I realize that it may not be a sustainable idea for many, but for the parts of the year where you can just snip out a quick salad from your salad garden box for dinner will save you so much money. There was a point earlier this spring where I didn't go to the grocery store for over two weeks, and we were eating almost exclusively everything that came out of the garden. 

Now that summer's going and winter is upon us, we're eating a lot of potatoes, all grown in a 2'x2' space. Potatoes are like weeds--they'll grow anywhere and they'll grow abundantly. 

If you have more space, try things like corn, beans, squash... You'll eat for free, and you'll eat well. You'll also be able to say that you grew that yourself, and have the satisfaction of doing it. I cannot express how easy gardening can be, and how satisfying it absolutely is, especially if you have young children to sit in the garden and help you out with it. 

If you can grow pumpkins, you can even carve the ones you grew for Halloween!
Gardening is a fantastic outdoor activity for children, especially for the brand of those that just love playing around in the dirt. Another fun thing I've discovered about gardening with children: it almost negates picky eaters. I've found that those which are picky eaters are more afraid of what the food is because they don't understand it. If a kid nurtures and loves a cauliflower plant to harvest, it's way more likely that they'll eat it!

Visit a Farmer's Market

Most farmer's markets take cash and card at this point, and you'll be able to get quite a bit from them. The vegetables that farmers grow are so much cheaper than at the grocery store, and you know where they came from...locally. Most farmers are glad to tell you their places of operation, and you'll actually get to see the faces of those you're supporting. Win!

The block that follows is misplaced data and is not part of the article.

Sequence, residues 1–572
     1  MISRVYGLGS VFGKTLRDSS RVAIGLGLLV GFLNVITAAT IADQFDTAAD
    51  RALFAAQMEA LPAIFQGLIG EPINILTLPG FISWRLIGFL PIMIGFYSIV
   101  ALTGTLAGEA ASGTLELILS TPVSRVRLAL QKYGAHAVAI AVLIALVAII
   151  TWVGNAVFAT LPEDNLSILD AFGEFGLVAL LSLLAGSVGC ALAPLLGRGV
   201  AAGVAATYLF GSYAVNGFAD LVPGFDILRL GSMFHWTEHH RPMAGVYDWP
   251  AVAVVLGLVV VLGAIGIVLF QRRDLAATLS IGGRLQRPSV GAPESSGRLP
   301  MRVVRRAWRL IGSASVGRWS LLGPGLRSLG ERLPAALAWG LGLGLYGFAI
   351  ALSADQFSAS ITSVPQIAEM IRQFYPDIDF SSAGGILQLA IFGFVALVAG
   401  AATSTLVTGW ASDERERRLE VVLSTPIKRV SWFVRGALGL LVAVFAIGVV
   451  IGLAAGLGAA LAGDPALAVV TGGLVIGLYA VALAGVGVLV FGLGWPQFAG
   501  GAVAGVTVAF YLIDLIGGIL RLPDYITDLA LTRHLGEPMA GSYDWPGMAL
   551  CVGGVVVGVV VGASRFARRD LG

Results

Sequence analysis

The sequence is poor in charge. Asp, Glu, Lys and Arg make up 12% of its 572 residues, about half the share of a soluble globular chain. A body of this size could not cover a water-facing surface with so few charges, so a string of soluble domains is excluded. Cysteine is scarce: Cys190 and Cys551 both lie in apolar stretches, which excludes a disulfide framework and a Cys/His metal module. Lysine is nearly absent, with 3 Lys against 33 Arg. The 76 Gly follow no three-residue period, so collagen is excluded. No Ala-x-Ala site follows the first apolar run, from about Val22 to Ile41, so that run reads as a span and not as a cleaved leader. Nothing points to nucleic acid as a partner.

Another great reason to visit a farmer's market is that you can talk to people that know about the food, who will also tell you how to cook the food, which is a struggle that many deal with. Most of the vendors that come through the market I work at will want to buy healthy ingredients, but hardly know what to do with it when they get home. I'm a chef, and I'm constantly learning.

One of the farmers at my market traded me some Chinese Yardlong beans for a few of my muffins, and I honestly had no clue what to do with them. My instinct was to stir-fry it, but he told me to try them grilled... Surprise! They're fantastic when grilled! I never would have thought to grill that particular vegetable, but I'm really glad that I did. 

That particular bunch of yardlong beans were free, but I could have had those for $2, and it was a lot of them. You can get a ridiculous amount of produce for under $10, and if you learn to pop together a few quick things in the right ways, you'll eat much better.

Switch Soda for Water...or Make Your Own!

Ginger Bug soda is chock-full of naturally fermented probiotic goodness, and is really great for your health... I've talked about it before, and even blogged about it. Learn how to make your own ginger bug soda here and here!

Fermented foods are good for you. Pickles, sauerkraut, natural soda...it's all good for you, and here's why:

Your gut bacteria is unique to you. People only share 1/3 of their bacteria with others--as in,  you have 2/3 gut bacteria makeup that is 100% unique to you, sort of like a fingerprint. The reason you crave sugary foods is because you, likely, have the gut bacteria that makes you crave it.

Yeast bacteria crave sugar, so when you tend to eat a lot of sugar, the bacteria that love that stuff will grow. They'll be happy, living in your gut, and send signals to your brain that say: "Hey! We're hungry! Send down some more M&Ms!" I realize, of course, that it's an extremely trite anthropomorphized version of what actually goes on, but that's how I explain it.

Long story short, your guts will crave what you feed them. If you starve your gut bacteria of excess sugar,  you'll stop craving it after a few days. If you feed them veggies and leafy greens instead, however, you will probably hate your life for the first three days, but after a week you will crave all of that green goodness. I'm not joking. Canned sodas made with corn syrup and carbonation make me queasy now, and I once had a friend make me feel better from a horrible tummy ache with a pile of steamed broccoli. Yes. That's a real thing that happened to me. 

Oh, and this ginger soda? It's better for you, and cheaper than what you probably pay in the grocery store already.